From chemistry stats to chemistry sets

Moseley remembered

I enjoyed reading Mike Sutton’s article ‘Is all matter made of just one element?’.

My particular interest is in Henry Moseley, who was killed in action at Gallipoli 100 years ago on 10 August 1915. Many textbooks state, incorrectly, that Moseley discovered atomic number, an impression I gathered from the article. Moseley identified a property (the wavelength of the x-rays emitted by a metal when bombarded by high energy electrons) that is directly related to the serial number of the element in the periodic table. In his eighth and last paper published in 1914 in the Philosophical Magazine he called this property atomic number, a term used the year before by Ernest Rutherford. Part of this confusion stems from identifying the originator of concepts by people working in closely related fields, after all Moseley had been a member of Rutherford’s Manchester team.

It is a sobering thought that a century later school pupils are familiar with the term atomic number and its dependence on the number of protons in an atom. I believe that Moseley was the ablest Allied scientist to be killed in the first world war and would almost certainly have been awarded the Nobel prize had he lived.

G Woods FRSC
Oakham, UK

Check your stats

David Fulton’s letter quoted a statistic (no doubt sourced from media reporting) that 38% of newly qualified teachers leave the teaching profession within one year of beginning their teaching careers. 

BBC radio’s More or less programme, which sets out to highlight misleading statistics, made clear on 15 May that the 38% figure quoted above is incorrect. At the Association of Teachers and Lecturers annual conference, the general secretary Mary Bousted said: ‘In 2011, the latest year for which figures are available, just 62% of newly qualified teachers … were still in teaching service a year later.’ What she didn’t make clear was that the other 38% also included any qualified teacher who had decided not to begin a teaching career; those who had taken a year out; and those who may have an education-related job that wasn’t captured in this analysis (for example, teaching in the independent sector or overseas).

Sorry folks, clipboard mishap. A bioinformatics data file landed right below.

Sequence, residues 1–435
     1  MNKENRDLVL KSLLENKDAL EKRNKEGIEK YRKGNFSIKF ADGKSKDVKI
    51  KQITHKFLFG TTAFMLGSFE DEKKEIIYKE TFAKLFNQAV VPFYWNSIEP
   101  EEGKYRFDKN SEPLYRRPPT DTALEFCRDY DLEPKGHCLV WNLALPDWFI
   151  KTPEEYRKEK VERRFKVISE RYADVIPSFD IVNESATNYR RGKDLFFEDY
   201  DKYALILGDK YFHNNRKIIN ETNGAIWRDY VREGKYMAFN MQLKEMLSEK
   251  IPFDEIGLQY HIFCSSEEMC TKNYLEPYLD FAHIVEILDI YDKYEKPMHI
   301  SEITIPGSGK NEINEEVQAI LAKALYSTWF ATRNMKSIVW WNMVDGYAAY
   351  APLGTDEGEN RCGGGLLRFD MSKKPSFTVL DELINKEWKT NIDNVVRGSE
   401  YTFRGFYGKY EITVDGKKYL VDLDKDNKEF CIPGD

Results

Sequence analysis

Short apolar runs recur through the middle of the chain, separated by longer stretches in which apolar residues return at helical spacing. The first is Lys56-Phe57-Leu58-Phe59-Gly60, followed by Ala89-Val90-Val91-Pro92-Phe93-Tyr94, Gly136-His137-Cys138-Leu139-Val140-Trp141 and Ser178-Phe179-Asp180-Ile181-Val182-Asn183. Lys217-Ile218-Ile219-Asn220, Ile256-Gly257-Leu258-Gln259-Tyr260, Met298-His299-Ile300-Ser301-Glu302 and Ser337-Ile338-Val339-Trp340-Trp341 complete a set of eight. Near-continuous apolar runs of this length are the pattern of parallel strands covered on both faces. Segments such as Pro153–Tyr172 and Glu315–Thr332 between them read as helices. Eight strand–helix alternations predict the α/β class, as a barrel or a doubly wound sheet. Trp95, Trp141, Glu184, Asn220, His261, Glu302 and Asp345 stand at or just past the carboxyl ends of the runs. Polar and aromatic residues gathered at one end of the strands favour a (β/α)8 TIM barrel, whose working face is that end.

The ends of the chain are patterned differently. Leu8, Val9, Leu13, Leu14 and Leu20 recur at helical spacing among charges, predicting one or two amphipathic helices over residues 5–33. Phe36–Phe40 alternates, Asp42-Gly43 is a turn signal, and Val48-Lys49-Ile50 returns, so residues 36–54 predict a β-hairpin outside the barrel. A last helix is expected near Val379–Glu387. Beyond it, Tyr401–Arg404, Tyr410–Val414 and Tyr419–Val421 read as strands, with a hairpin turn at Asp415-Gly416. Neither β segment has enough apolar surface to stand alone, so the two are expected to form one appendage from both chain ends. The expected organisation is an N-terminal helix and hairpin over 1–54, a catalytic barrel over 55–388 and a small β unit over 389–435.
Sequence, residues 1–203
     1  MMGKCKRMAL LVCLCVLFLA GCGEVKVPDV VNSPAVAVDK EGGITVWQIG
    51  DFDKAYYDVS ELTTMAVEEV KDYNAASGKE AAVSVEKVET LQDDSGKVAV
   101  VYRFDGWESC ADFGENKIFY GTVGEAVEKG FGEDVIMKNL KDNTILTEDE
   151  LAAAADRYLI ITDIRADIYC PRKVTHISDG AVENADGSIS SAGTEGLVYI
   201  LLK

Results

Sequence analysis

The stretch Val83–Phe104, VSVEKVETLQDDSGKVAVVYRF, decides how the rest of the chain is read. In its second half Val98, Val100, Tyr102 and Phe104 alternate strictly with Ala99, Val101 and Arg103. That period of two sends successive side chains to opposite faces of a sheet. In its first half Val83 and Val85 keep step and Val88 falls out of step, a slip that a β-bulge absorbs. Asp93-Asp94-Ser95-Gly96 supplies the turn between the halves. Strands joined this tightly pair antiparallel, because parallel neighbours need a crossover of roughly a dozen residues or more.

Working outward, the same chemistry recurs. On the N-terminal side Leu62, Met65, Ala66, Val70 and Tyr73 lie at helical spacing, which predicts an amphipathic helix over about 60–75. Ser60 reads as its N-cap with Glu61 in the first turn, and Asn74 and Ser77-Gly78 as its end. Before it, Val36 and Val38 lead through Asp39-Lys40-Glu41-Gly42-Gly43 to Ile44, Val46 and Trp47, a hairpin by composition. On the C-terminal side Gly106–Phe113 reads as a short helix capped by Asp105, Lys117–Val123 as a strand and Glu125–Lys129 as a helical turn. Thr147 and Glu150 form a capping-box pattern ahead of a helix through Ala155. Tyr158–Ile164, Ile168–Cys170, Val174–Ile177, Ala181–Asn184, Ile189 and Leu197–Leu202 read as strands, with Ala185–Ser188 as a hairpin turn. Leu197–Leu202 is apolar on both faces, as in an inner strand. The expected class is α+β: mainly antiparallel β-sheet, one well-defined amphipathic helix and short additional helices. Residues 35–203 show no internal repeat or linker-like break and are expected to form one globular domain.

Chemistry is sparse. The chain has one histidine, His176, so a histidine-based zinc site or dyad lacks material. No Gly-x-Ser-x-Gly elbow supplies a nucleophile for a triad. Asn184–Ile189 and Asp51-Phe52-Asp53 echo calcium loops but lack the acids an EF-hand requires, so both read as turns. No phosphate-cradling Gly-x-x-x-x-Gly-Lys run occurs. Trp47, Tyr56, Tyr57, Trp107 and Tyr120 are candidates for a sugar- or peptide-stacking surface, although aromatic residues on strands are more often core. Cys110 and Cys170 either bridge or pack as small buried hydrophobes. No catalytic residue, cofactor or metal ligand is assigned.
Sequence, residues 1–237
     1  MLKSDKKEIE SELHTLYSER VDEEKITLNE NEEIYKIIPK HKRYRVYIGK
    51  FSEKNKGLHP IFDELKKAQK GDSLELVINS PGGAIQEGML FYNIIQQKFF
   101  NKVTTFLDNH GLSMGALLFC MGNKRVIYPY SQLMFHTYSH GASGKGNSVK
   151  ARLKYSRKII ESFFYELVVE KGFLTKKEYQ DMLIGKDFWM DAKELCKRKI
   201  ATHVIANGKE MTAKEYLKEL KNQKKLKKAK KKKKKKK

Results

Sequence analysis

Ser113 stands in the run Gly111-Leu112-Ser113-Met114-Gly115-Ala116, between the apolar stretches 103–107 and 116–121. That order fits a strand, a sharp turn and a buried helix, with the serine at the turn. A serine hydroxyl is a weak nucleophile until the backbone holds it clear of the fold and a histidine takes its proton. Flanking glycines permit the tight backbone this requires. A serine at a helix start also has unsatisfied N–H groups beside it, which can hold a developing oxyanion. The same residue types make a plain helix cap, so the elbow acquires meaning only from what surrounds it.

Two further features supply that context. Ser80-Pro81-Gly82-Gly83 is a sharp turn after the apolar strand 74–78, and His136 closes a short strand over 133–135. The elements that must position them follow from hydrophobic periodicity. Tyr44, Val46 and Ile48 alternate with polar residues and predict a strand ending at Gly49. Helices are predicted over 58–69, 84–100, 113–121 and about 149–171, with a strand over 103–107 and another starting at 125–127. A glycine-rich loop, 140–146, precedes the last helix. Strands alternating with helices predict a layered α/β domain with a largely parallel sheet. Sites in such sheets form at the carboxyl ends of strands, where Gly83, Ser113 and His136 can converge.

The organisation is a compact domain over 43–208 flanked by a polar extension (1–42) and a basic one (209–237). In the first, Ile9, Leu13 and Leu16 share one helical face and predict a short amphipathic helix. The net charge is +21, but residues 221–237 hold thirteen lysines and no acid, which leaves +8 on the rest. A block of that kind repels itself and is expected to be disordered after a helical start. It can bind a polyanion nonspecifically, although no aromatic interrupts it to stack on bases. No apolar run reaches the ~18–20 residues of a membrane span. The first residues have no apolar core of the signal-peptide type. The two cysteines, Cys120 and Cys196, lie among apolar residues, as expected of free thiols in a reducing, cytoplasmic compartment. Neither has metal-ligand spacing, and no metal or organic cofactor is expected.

As is all too common, the media read the data uncritically, flipped it around and reported that 40% of new teachers left after one year. Apparently only The Independent later admitted the error. 

On More or less, Sam Freedman, director of research, evaluation and impact at the education charity Teach First, stated that the true figure is closer to 9%, based on information collated by the National College for Teaching and?Leadership. 

In relation to all education matters, I’d like to encourage members to treat all data and evidence quoted by the media, unions and most importantly politicians and their quangos with appropriate scepticism.

G Roberts
Newcastle, UK 

Beneath the surface

As a recently retired chemist with 30 years’ experience as global technical director in the paint and coatings industry, I would like to add to Mike Baldwin’s correspondence regarding the phenomenon of surface tension differential driven flow (the Marangoni effect). Baldwin will, I am sure, be interested to know that this effect is widely taught to all technical newcomers in the industry to enable them to understand the film formation process of coatings during the curing process.

A lack of understanding in this area can lead to many types of film defect, including craters, eye holes and other problems, which can lead to miscellaneous problems, including corrosion of the underlying substrate and poor visual appearance, among others. 

R Dyer CChem FRSC
Kent, UK

Accentuate the negative

In his article ‘A negative outlook’, David Jones speculates on mechanisms for forming images on cellulosic substrates that are similar in appearance to photographic?negatives.